During 2018, I enjoyed an incredible trip around 13 states in the USA. Traveling from New York to Miami, and from New Orleans to California, most people would quite rightly assume that the cost of such a journey would be thousands of dollars.

The entire cost of transportation cost me just under $300 to travel around the United States. By using Greyhound & Megabus to move between each city, the average price of each journey was approximately $40 (including snacks). And by staying in private rooms on Airbnb, I was able to lower my cost of accommodation to roughly $30 per night.

Sure, traveling on a bus for 5 hours between Charlotte & Atlanta isn’t living in luxury. However, it certainly opens opportunities to make seeing the country and the world, a lot more affordable.

It’s Normal For Things To Go Wrong.

Even if you plan your trip for weeks, and schedule every moment of your time in another country, some things will inevitably go wrong.

Being stuck in traffic on route to the airport, unexpected weather conditions, and getting injured while on vacation are just a few of many unexpected occurrences that could happen while traveling the world.

As an example, my luggage got lost in Berlin during a recent trip around Europe. Although airport staff was eventually able to track it down, I was stuck waiting in the terminal for six hours, and consequentially missed out on valuable time exploring the city.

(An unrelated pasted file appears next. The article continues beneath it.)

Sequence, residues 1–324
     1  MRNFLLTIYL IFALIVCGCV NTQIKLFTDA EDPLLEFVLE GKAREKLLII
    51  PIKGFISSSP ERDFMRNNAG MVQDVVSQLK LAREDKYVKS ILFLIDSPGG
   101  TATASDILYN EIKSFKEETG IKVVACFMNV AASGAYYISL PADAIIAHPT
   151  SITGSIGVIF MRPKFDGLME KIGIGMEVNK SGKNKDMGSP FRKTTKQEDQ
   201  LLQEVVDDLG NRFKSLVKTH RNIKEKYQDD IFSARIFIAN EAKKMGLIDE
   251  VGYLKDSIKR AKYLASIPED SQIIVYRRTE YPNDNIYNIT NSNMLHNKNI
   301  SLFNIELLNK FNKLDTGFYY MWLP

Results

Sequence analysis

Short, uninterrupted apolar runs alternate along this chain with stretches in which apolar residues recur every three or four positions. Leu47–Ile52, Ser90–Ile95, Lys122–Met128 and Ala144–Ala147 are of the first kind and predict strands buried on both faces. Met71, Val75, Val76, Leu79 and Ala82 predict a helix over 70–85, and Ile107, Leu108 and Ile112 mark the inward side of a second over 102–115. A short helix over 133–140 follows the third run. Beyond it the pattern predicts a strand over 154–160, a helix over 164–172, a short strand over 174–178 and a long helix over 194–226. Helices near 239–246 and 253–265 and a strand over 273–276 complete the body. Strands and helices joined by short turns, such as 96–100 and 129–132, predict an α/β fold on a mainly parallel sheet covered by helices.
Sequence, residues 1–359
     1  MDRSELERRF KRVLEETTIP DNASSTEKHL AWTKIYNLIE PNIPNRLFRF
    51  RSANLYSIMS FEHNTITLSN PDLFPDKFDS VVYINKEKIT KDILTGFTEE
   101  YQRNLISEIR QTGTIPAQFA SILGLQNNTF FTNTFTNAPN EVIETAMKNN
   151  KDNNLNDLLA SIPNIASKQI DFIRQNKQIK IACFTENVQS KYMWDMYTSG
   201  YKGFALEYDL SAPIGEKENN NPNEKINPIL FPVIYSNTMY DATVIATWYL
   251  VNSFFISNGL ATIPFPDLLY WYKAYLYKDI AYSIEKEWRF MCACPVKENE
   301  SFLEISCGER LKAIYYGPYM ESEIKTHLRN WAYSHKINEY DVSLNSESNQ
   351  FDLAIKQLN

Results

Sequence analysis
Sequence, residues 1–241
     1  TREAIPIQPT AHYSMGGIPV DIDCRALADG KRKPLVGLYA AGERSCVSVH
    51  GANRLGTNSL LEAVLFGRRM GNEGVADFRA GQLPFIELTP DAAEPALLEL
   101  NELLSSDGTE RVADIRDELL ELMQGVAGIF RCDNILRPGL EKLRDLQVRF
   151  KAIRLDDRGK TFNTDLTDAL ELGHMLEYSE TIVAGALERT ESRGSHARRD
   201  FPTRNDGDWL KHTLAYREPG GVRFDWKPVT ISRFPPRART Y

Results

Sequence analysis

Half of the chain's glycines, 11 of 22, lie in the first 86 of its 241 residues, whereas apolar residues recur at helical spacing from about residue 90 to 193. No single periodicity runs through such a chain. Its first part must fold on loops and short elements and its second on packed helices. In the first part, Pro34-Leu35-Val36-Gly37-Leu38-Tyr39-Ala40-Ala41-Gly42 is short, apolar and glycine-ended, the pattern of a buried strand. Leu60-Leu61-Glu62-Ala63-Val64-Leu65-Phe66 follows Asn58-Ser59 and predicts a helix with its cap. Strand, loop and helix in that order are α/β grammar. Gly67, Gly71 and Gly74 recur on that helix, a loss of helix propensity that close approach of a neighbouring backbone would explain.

Since that day, I’ve always remembered to pack a spare change of clothes in my carry-on bag (in case my luggage gets permanently lost). In the words of Denis Waitley: “Expect the best, plan for the worst, and prepare to be surprised.”

Everyone wants to travel the world, visit new destinations, and create memories that will last a lifetime. But that can only happen when you realize that things will go wrong and that there will never be a perfect time to begin ticking off your bucket list.

Nobody wants to hear about the time you “almost traveled the world.” Instead, they want to know about the time you explored the Great Barrier Reef, saw the northern lights, or whatever else you want to do while visiting beautiful destinations across the planet.

So what are you waiting for? Start planning, figuring out where you want to go, and how much it’s going to cost. Because even if you’re unable to get time off work, or traveling is too expensive with your current financial situation, planning is a great way to begin aligning your priorities and figuring out what needs to be done to make it happen.

One day, I told myself that I was ready for my life to change, and I would do anything necessary to make my dream of traveling the world a reality.

You can visit countless destinations around the globe, meet incredible new people, and create a life you once thought to be impossible.

Don’t overthink the process. Don’t worry about things going wrong. Just focus on where you want to go, what you want to do, and how you’re going to get there.

The rest will figure itself out.